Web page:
The latest insanity in Albany started on Tuesday of last week with defections in the State Senate, and though one of the two defectors has recinded his defection, and though a judicial pronouncement is due out today, the Albany chaos is at its beginning rather than at its ending.
On Tuesday of last week, two of the State Senate's Democratic members sided with the Republican Party to attempt to elect new leadership in the State Senate. Because the Democrats held a slim 30-32 vote majority, the maneuver created a 32-30 majority for the Republicans and threw Albany into Chaos. The two Democrats making the switch were already in serious legal trouble. One of them, Pedro Espada, Jr., is under investigation by the New York State Attorney General's office for misuse of State funds, and the other, Hiram Monserrate has been indicted for attacking his female companion. Any Senator that is convicted of a felony is immediately removed from office. Therefore, while Monserrate reversed his defection today, Espada's might be reversed by a jury in the coming months if it is not reversed in some other way.
Another Billionaire Anoints Himself Leader
In New York City, our Mayor is a multi-billionaire who felt that the two consecutive term maximum in the New York City Charter was too restrictive. He had it changed to allow him to serve a third term by enlisting the help of another billionaire, the same billionaire who initially promoted the term limits that the Mayor overturned. It seemed that the Mayor of New York City believed that any time two billionaires agree on a public policy issue, the absence of a billionaire in opposition to them demonstrated the correctness of their approach while also converting any principled opposition into "disgrace[ful]" attacks.
In the latest Albany nightmare, yet another billionaire, Tom Golisano, led the process to initiate the chaos because he felt slighted and angry after the Democrats voted to raise taxes in the highest earners in New York State. He met in secret with the Republicans and personally wooed the two defecting Democrats into the Republican fold.
Unfortunately for the Republicans, their coup had an instant misfire. Monserrate refused to support his own coup the day after he initiated it. His change of heart intensified the sense that Albany is adrift and potentially unsalvageable in the near term.
Monserrate went so far as to pledge last week to vote "no" on all legislation until he could more Democrats switch to the Republican camp. Such an approach would have ensured that nothing could pass the New York State Senate and would ensure that Democrats and Republicans would have nothing to show for this session. His decision to return to the Democrats has a similar effect. It leaves the New York State Senate deadlocked at 31-31 with no mechanism to break the tie (because of the lack of a Lt. Governor in New York State after Governor Spitzer's resignation and the elevation of Lt. Governor Paterson to the office of Governor - New York State has no system for filling the vacant Lt. Governor position).
The Democrats have asked the New York State judiciary to declare the Republican takeover of the New York State Senate illegal. While we eagerly await the decision of the judiciary branch today (a decision almost certain to be appealed until it ends up in the New York's highest court, the Court of Appeals), we find it very difficult to see that such a declaration would have any practical impact.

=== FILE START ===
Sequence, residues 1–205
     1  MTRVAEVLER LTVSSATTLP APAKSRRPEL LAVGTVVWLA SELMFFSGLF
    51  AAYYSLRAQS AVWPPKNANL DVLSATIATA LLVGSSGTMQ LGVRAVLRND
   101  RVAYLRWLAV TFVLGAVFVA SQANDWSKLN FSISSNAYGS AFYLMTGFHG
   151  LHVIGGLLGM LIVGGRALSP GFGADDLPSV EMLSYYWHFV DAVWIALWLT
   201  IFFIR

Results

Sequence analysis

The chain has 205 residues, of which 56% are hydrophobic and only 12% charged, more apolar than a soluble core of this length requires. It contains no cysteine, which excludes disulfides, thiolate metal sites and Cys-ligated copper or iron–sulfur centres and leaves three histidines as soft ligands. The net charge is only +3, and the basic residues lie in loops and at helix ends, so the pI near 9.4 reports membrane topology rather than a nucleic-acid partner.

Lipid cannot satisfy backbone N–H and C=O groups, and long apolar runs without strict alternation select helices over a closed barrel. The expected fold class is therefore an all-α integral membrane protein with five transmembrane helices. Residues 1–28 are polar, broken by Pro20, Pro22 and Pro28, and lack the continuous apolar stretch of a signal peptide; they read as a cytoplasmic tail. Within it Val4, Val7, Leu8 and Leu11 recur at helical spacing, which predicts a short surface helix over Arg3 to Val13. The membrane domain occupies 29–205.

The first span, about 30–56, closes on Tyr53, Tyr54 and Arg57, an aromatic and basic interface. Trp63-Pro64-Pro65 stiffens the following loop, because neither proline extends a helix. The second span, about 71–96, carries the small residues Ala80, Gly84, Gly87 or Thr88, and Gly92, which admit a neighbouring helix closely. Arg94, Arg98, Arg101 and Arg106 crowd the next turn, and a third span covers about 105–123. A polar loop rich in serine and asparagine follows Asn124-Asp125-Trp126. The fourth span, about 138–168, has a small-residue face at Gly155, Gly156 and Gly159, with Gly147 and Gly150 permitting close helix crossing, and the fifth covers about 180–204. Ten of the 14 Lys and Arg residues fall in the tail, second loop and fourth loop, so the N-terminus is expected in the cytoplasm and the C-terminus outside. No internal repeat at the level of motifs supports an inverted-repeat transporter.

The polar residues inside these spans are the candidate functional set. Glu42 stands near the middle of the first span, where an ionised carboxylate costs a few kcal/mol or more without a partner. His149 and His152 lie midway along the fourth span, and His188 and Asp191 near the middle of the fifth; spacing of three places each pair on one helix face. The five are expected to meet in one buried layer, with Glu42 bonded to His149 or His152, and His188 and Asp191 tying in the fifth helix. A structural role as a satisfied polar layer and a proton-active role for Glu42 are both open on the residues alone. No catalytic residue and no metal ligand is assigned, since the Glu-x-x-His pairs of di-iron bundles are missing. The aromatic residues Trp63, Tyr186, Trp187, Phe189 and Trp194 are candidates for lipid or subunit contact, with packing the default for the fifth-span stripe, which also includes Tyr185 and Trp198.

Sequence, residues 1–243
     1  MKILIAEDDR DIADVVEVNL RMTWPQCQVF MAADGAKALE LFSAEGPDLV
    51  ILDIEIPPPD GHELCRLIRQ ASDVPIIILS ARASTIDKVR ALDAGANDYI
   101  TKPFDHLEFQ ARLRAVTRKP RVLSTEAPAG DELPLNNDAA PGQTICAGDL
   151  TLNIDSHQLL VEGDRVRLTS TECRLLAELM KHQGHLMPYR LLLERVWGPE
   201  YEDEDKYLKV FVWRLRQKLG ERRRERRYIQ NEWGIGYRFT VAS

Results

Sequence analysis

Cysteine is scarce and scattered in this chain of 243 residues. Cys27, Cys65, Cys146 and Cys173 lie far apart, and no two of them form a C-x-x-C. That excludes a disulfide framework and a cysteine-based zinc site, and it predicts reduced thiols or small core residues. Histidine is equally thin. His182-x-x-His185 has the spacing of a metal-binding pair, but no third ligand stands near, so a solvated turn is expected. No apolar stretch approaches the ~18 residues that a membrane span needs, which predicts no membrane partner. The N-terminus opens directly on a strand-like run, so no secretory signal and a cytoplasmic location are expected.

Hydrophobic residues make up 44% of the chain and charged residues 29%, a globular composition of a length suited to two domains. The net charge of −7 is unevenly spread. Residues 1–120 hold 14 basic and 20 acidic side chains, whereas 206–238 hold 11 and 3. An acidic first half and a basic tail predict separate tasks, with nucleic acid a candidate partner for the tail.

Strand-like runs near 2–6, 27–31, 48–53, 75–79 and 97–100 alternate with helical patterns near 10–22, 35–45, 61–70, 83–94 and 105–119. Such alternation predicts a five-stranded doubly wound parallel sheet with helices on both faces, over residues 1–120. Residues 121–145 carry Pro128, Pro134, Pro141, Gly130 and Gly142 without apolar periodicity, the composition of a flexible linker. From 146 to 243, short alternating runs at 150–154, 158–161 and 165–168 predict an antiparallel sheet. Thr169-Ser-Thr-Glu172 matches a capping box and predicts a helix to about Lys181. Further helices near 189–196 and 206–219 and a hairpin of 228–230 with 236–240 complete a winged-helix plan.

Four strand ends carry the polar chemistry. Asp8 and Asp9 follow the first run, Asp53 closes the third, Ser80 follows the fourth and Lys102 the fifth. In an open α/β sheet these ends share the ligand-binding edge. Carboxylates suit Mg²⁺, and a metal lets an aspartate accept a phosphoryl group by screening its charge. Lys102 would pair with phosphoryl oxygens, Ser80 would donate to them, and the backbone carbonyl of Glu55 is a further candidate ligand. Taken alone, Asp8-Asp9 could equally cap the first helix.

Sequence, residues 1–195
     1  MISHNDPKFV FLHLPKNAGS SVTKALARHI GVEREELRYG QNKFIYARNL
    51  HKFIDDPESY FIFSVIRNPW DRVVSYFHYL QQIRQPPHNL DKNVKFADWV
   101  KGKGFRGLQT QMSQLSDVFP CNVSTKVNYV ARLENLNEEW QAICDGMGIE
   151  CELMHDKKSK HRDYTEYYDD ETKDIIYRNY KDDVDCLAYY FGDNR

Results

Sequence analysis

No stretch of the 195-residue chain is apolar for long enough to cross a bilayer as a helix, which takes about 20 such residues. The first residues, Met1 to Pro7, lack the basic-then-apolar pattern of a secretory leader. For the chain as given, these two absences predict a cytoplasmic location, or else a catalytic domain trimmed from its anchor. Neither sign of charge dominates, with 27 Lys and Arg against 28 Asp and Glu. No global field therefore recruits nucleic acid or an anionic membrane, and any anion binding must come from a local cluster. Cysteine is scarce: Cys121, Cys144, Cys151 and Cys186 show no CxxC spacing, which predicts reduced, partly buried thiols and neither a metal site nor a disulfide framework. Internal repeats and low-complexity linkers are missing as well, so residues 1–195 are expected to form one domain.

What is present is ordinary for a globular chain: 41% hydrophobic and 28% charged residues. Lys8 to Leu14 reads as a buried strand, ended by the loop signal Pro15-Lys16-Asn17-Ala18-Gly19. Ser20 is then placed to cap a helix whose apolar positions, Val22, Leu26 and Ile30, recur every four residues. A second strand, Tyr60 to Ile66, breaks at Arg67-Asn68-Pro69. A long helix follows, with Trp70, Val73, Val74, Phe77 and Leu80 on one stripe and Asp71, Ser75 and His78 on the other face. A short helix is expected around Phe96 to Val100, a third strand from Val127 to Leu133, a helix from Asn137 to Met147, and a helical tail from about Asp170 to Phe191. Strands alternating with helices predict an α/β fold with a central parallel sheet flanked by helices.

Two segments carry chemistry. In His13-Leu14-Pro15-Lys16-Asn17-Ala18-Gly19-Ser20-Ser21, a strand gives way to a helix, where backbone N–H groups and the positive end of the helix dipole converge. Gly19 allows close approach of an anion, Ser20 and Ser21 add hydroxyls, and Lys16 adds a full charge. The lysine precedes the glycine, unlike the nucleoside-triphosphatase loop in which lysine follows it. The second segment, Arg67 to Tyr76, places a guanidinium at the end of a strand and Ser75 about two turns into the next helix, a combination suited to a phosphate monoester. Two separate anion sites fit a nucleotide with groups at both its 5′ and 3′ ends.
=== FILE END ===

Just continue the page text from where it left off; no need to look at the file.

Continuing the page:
Espada is not going to support the Democrats, one cannot imagine a justice declaring that State Senators must support a particular leadership team or political party. Ultimately, even if the judicial branch declares that the Republican takeover was invalid, the practical effect of having more Senators supporting the Republicans than the Democrats will be the same as if the coup were validated by the judicial branch. If remain deadlocked, no one will be in charge, and chaos will remain the order of the day.
The only questions that matter revolve around how Senators will vote in committees and on legislation that reaches the Senate floor. For now, we have many questions and no answers.
With so much riding on this session, including the potential legalization of same-sex marriage, the frustration of the latest chaos is greater than what accompanies the typical Albany foolishness. The Democrats worked for 70 years to gain control of the New York State Senate for long enough to make real changes in public policy as well as in the institution of the State Senate itself. Now, after less than six months in power, it seems that the 70 years of Republican control (with one brief interruption in 1965) continue endlessly into the future. If the Democratic control of the State Senate proves to have been a mirage (or even a fantasy), the people of the State of New York will not have the leadership in place that is needed to help pull New York through the global economic slowdown or prepare New York for the brighter national and global economic times that are certain to arrive sooner or later. Without Democratic control, we might never allow all New Yorkers to have the right to marry. We might miss out on a great future that we were supposed to have as a progressive State in the era of progressive politics that has emerged in Washington DC. We might have to wait another 70 years for the chance to fix our problems and get our public sector leadership moving coherently and enthusiastically toward better lives for the people of New York State.